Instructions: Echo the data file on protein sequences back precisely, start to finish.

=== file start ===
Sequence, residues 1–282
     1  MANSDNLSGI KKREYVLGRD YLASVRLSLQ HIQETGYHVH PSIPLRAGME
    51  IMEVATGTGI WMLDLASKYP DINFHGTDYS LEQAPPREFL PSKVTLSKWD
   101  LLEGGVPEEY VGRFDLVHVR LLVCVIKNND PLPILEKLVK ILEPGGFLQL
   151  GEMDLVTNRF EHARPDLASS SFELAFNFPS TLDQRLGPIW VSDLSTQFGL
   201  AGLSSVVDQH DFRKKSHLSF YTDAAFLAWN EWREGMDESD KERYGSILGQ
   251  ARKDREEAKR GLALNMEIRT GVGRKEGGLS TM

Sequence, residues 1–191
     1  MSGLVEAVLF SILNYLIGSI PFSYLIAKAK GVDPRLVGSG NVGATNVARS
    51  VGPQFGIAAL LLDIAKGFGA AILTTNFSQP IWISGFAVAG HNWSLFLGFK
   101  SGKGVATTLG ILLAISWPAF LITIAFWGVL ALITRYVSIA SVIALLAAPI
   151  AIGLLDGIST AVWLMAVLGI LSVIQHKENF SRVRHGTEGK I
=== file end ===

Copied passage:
Sequence, residues 1–282
     1  MANSDNLSGI KKREYVLGRD YLASVRLSLQ HIQETGYHVH PSIPLRAGME
    51  IMEVATGTGI WMLDLASKYP DINFHGTDYS LEQAPPREFL PSKVTLSKWD
   101  LLEGGVPEEY VGRFDLVHVR LLVCVIKNND PLPILEKLVK ILEPGGFLQL
   151  GEMDLVTNRF EHARPDLASS SFELAFNFPS TLDQRLGPIW VSDLSTQFGL
   201  AGLSSVVDQH DFRKKSHLSF YTDAAFLAWN EWREGMDESD KERYGSILGQ
   251  ARKDREEAKR GLALNMEIRT GVGRKEGGLS TM

Sequence, residues 1–191
     1  MSGLVEAVLF SILNYLIGSI PFSYLIAKAK GVDPRLVGSG NVGATNVARS
    51  VGPQFGIAAL LLDIAKGFGA AILTTNFSQP IWISGFAVAG HNWSLFLGFK
   101  SGKGVATTLG ILLAISWPAF LITIAFWGVL ALITRYVSIA SVIALLAAPI
   151  AIGLLDGIST AVWLMAVLGI LSVIQHKENF SRVRHGTEGK I